In the wake of the CEO ousters at HP, Yahoo and Nokia and the CEO implosions at Cisco, SAP, RIM and Dell, it’s surprising people are still picking on Steve Ballmer. Hedge funders are calling for his head. Employees are complaining.
I am by no means a big Microsoft fan — during my five-year tenure at Sun Microsystems, Microsoft was a vicious, scorched-earth competitor. But I have to give credit where credit is due: Ballmer has done a remarkable job, especially in contrast to the leaders of most technology companies. Ballmer’s problem is that everyone expects Microsoft to be as good as Apple at entering into new markets.
The reality is that Microsoft has never been a technology innovator. People are nostalgic about the days of Bill Gates, when Microsoft supposedly innovated. However, under Gates, Microsoft copied other products relentlessly, even from its very beginning. MS Basic copied Tiny Basic. MS DOS copied CPM-86. Windows copied the early Mac OS. Word copied WordPerfect. Excel copied Lotus 1-2-3. Access copied FoxPro. Windows Server copied Novell Netware. Exchange copied Lotus Notes. Internet Explorer copied Netscape Navigator. C# and .net copied Java. All Microsoft has ever done is enter markets late and invest and iterate until it wins. On top of that, Gates used monopoly position to force adoption of ensuing products, a luxury that Ballmer has not had.
During Ballmer’s 10-year tenure, Microsoft has tripled revenue and doubled net income. Legacy products such as Office, Exchange and SharePoint have been transitioned to the cloud. Windows 7 is a huge hit with over 400 million licenses sold, and early looks at the upcoming Windows 8 are resulting in rave reviews. Windows Phone 7 is a very late entrant into the modern smartphone category, but it is already being declared the number three player, with its innovative user interface and upcoming distribution via Nokia. Some analysts even predict that it will outpace Android within a few years.
Even more importantly, Ballmer has shepherded Microsoft as a big player in two new and growing markets: console gaming and search. The Xbox now has 20% market share in the console market, with 45% year-over-year growth, and has led the way to motion-based gaming with its hit Kinect product.
According to Comscore, Microsoft’s Bing search now has 31% of the US search market due to its distribution deals with Yahoo and others. While some lament the amount of money Microsoft is losing on Internet services, the ad dollars will soon start to follow the eyeballs, as I personally experienced during my tenure at Webtrends where we provided search.
The scale of the losses has to be put into context with the scale of Microsoft. Yes, losing $2 billion a year on online services sounds really bad. Losing $2 billion per year to gain 30% of a $30 billion and growing market actually makes a lot of sense, especially when you are delivering $70 billion in revenue and $24 billion in profits. Microsoft lost billions on Xbox and is now in a leadership position in that market, and it will follow that same strategy with Bing search and Windows Phone.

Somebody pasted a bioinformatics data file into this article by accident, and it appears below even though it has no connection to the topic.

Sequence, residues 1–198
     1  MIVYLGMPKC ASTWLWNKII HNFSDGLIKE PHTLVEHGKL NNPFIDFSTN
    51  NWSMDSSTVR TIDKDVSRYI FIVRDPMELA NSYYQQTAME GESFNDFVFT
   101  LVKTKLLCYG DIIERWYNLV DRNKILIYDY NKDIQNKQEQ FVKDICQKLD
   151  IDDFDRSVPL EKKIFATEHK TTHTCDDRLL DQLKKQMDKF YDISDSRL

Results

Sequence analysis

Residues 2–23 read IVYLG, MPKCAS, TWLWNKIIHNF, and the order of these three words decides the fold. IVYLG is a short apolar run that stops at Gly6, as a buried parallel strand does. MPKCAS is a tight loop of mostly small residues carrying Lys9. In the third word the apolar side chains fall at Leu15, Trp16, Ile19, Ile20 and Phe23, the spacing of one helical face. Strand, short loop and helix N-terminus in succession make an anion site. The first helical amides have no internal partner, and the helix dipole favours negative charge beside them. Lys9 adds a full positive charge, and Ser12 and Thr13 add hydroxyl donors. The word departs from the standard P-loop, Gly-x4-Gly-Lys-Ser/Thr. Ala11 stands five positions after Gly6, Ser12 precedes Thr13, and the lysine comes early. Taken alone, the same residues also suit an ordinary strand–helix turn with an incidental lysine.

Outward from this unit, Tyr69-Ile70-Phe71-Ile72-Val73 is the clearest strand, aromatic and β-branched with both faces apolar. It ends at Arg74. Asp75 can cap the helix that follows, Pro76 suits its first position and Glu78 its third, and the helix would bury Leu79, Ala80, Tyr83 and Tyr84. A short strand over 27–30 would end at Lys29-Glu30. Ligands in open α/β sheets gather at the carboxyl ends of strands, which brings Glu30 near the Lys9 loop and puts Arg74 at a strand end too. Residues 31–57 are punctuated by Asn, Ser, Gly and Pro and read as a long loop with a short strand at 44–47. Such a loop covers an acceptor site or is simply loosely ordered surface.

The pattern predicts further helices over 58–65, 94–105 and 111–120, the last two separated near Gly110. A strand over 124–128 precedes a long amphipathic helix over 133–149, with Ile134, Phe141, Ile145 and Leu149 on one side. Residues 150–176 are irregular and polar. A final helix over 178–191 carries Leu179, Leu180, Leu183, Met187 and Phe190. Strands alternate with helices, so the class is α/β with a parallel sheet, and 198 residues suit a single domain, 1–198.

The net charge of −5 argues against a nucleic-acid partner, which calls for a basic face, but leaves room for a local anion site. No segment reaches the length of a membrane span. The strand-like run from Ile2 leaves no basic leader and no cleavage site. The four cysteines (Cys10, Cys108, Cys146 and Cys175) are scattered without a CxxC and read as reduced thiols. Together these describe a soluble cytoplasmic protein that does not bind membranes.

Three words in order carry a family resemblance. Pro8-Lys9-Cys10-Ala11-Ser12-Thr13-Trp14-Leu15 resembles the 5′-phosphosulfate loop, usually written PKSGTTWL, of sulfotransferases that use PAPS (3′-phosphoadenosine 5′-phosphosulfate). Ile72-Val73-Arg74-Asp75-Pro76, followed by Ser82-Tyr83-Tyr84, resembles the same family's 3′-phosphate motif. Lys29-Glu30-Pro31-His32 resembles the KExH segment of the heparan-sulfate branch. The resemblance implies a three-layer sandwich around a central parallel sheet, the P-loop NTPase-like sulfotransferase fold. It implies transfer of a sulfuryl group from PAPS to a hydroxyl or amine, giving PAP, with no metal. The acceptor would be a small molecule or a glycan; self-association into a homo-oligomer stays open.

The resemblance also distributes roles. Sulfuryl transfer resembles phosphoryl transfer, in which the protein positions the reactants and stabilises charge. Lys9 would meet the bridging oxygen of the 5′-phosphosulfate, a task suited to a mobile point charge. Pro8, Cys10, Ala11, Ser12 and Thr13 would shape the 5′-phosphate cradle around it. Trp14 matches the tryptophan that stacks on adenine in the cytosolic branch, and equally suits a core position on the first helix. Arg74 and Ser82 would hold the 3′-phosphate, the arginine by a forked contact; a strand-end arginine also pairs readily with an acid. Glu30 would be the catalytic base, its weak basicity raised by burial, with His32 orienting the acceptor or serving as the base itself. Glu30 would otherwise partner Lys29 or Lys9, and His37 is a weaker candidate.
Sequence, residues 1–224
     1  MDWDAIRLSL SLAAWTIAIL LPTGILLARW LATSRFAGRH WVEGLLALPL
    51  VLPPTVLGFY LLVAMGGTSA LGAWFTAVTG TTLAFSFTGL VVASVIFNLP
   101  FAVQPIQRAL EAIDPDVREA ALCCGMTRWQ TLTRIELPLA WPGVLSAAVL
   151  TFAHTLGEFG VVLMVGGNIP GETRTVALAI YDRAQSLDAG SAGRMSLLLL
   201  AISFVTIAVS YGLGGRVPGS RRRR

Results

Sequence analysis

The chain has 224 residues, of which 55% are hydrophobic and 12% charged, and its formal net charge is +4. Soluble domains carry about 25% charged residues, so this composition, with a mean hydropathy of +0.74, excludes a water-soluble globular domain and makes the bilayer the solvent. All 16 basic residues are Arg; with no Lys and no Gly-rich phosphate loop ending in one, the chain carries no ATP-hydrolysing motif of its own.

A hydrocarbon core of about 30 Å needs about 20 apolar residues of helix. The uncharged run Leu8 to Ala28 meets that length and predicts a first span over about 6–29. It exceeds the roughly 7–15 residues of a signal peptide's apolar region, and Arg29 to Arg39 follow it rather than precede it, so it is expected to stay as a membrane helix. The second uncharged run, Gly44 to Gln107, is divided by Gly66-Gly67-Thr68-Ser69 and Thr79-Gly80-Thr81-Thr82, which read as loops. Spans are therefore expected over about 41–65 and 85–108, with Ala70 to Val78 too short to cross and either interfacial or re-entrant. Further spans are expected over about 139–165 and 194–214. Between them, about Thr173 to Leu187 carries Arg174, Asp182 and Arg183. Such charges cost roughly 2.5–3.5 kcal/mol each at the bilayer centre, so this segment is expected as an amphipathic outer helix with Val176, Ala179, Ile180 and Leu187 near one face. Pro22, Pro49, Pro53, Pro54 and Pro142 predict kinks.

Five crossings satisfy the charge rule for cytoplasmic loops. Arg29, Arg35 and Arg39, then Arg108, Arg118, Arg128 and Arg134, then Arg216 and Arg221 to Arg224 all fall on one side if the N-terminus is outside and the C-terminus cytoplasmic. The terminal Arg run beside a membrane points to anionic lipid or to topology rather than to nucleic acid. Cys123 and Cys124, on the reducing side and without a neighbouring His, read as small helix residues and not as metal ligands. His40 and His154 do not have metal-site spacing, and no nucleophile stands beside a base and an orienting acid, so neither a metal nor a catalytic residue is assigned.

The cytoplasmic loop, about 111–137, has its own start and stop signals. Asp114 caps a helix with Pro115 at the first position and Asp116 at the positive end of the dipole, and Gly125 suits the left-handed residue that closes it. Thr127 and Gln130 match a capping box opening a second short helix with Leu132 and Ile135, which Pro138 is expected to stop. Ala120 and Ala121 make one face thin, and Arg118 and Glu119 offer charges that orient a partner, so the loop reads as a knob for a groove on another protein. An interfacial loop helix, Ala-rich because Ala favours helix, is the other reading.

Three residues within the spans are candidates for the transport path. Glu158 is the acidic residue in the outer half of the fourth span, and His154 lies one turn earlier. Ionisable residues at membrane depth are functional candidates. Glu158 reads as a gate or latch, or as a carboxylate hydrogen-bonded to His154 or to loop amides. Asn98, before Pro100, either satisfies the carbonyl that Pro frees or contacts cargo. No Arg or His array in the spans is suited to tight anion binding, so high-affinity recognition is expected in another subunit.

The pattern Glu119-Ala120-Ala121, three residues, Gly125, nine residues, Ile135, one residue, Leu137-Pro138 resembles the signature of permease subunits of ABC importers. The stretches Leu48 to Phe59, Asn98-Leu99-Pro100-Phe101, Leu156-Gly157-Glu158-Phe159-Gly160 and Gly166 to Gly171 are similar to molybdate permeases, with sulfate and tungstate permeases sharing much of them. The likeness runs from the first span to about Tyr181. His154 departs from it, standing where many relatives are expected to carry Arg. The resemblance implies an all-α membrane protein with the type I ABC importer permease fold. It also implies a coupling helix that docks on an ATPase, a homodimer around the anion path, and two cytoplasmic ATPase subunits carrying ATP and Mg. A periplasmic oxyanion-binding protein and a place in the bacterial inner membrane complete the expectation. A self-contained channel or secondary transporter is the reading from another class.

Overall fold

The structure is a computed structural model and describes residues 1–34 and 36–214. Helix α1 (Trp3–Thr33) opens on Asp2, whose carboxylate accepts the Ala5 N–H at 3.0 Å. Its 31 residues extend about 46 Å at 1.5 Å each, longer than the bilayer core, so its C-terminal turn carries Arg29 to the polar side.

The reality is that Apple and Microsoft are the only large technology companies that have been able to create new products. Cisco continually bought companies to grow their revenues until the party ended. Oracle and IBM have had the same strategy as Cisco and will both soon run out of legacy application and middleware vendors to acquire. Nothing new has come out of HP, SAP or Dell in a decade.
Although they both create new products from scratch, Apple and Microsoft have very different DNA. Apple creates new markets, and Microsoft eventually dominates them. Steve Ballmer is not going to be Steve Jobs, who is widely lauded as perhaps the greatest CEO of our time. Even Apple can’t get another Steve Jobs and now has a CFO running the company.
Who do detractors think Microsoft should replace Steve Ballmer with? HP has gone through three CEOs in a year and ended up with Meg Whitman, a non-techie whose core eBay website to this day looks like it was designed in the mid-90s. The only viable candidates are IBM’s Steve Mills and VMware’s Paul Maritz, who likely would not change a thing strategically at Microsoft.
Microsoft shareholders should be grateful they have a CEO who has steadily grown both earnings and revenue, transitioned legacy products into the cloud, moved aggressively into new markets such as console gaming and Internet services, revived the mobile product, and is now transitioning the Windows product line towards a new generation of tablets and processors. Yes, Microsoft’s stock has been flat through the 2000s and the decade’s massive technology market transitions to cloud and smartphones. That’s a much better outcome than tanking like HP, Sun, Nokia, RIM and others, and Microsoft’s products are now very well positioned for the coming decade. Booyah, Ballmer!